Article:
Personal Finance 

What is The Next Step?

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The guest writer is an engineer with no prior blogging history.

Let’s say you are a model of personal finance. You read an elite selection of PF blogs and always keep up with the latest articles in the investment magazines. You have done the following:

  • Paid down all your debt until all you owe on is your mortgage.
  • Maintain six months of expenses for your emergency fund in a high yield money market account.
  • Fully fund your and/or your spouses 401k, 403b, 457, etc.
  • Maximize your and/or your spouses Roth or Traditional IRA up to the allowable limit.
  • Invest some money each month in a 529 plan (and possibly even a Coverdell “Education” IRA) for each of your children’s future educations.
  • Set aside some additional money each month and at bonus time into a taxable brokerage account for such goals as that long-awaited trip to the Orient, the sunny vacation property on the water, or even retirement.
  • All your investments are properly diversified by asset type according to your goals, time frame, and risk level.

What else? What is the next step? For the last couple of years, I have been searching for the next building block. It has proven to be elusive.

As a hedge against possible monetary collapse, I bought gold coins. I have since heard that a better investment would be some sort of defensible and sizable stash of gasoline as that would be the best barter material. That isn’t feasible, so I’ll stick with my coins. At least they are pretty.

I looked into diversifying outside the stock market, something advocated by investment advisors such as Don DeWaay. However, unless you are an “accredited investor,” your opportunities for investment in what are mostly either real estate or oil exploration tax shelters is limited.

Until I find an answer to that “next step” question, I will just continue my journey with the fundamentals above. I look forward to reading sometime, somewhere what I’m missing in my journey to financial independence. Perhaps you know?

{ 16 comments, please add your thoughts now! }

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16 Responses to “What is The Next Step?”

  1. wanzman says:


    With all that accomplished, the next step would be to start enjoying life and just be thankful for your blessings. No more worrying about finances. Money simply gives a means to some end….you have the means….find the end.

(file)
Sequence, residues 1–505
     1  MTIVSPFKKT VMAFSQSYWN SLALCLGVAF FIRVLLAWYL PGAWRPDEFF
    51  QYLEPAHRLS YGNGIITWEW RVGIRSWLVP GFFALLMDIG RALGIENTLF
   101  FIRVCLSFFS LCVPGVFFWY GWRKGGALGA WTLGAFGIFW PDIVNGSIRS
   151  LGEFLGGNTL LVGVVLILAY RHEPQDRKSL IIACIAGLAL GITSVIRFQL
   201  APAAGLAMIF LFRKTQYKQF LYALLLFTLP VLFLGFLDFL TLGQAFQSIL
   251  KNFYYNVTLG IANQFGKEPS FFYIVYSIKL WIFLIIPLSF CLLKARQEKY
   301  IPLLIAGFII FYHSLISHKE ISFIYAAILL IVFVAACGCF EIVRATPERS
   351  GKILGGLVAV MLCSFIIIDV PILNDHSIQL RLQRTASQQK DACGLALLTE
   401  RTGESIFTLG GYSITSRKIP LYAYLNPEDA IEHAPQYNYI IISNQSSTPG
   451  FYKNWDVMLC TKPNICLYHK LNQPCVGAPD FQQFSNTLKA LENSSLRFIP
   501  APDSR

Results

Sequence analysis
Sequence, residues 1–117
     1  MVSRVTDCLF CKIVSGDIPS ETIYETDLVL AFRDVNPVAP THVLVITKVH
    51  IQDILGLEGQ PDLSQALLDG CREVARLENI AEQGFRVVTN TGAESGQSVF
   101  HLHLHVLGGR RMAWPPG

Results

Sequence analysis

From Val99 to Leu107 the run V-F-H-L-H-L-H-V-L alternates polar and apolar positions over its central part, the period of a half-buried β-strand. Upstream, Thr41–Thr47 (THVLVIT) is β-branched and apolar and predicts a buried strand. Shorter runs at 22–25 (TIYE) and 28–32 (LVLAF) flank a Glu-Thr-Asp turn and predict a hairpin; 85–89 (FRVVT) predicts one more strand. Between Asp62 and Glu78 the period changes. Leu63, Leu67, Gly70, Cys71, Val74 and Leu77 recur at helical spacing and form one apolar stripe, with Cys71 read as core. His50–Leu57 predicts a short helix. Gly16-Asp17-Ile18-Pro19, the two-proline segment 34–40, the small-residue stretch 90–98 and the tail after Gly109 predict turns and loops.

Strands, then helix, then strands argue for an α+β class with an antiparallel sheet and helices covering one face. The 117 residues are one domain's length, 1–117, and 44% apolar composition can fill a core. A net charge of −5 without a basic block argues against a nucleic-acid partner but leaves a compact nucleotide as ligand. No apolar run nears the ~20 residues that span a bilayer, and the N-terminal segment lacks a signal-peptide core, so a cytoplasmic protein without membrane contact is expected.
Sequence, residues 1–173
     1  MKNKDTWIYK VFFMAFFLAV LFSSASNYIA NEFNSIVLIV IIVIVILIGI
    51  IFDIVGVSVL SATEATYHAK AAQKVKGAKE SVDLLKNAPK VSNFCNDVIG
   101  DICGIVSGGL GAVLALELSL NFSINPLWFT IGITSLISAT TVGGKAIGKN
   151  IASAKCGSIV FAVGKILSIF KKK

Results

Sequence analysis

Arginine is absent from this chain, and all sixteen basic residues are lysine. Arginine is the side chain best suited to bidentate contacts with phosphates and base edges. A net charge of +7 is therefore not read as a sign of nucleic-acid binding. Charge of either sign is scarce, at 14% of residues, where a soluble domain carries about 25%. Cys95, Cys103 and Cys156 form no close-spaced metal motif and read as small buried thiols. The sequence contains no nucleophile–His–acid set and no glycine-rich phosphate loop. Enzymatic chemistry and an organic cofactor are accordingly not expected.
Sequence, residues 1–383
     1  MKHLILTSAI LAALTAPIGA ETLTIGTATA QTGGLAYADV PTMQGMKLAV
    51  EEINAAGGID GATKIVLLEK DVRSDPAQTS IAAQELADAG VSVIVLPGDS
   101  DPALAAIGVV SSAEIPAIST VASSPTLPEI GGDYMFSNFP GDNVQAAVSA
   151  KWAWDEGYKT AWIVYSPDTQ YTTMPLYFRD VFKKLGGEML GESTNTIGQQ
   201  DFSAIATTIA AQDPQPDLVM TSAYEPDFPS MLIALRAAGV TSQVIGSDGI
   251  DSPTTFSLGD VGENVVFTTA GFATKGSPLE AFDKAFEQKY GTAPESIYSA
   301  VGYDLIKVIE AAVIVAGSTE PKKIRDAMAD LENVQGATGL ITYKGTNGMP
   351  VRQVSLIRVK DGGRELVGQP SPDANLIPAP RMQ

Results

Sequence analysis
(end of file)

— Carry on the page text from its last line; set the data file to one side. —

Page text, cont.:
2. Ronnie says:

    This post hit the spot. I often wonder “ok what now?”. I was so excited when I was paying my debts off. I guess because I felt something when I closed accounts, cut up cards, and received the title for my car. Since then, I’ve built up my 401k, and my Ameritrade investment account and now I’m looking for the next step. I guess the next step for me is to find a second income so I can invest more, so I can reach financial independence.

  3. Alex says:

    The next step is simple: EARLY RETIREMENT! To do that, you need money in non-pretax accounts (b/c you can’t access these until you’re 60)

  4. Dustin says:

    You say real estate is one of your options. Do you have an issue with getting a rental home?

  5. Anonymous says:

    How about giving to charities? Philanthropy?

  6. Frank Kelly says:

    Check your insurance for various events

    – health
    – life
    – auto
    – home (flood?)
    – long-term disability

    Have enough coverage? The correct deductible – not too small (higher premiums)?


  7. Foobarista says:

    I vote for early retirement. That is what we’re working towards. And I’d skip the Mad Max doomsday scenarios – if they happen, a few gold trinkets won’t help much; you’d be better off with weapons, ammo, and some skill in using them. Since I’m not terribly interested in living in such a world, I don’t bother.

    But if you’re seeking inflation hedges – and aren’t worried about the end of civilization – carefully researched real estate can’t be beat.

  8. plonkee says:

    I’d consider real estate (depends on the market in the area though), but my preferred option would be working out how to generate enough money in accessible accounts that I could retire early, or just switch to part-time working.

    I’d start planning plenty of trips abroad (which I do anyway) and I’d give more money away.

  9. Bob Meyer says:

    Coins are good, but food & water would be as practical if conditions change. I’ve been publishing BarterNews magazine since 1979 and the use of barter is growing worldwide because it’s a proven tool in both good times as well as bad. Sincerely, Bob Meyer

  10. Omar says: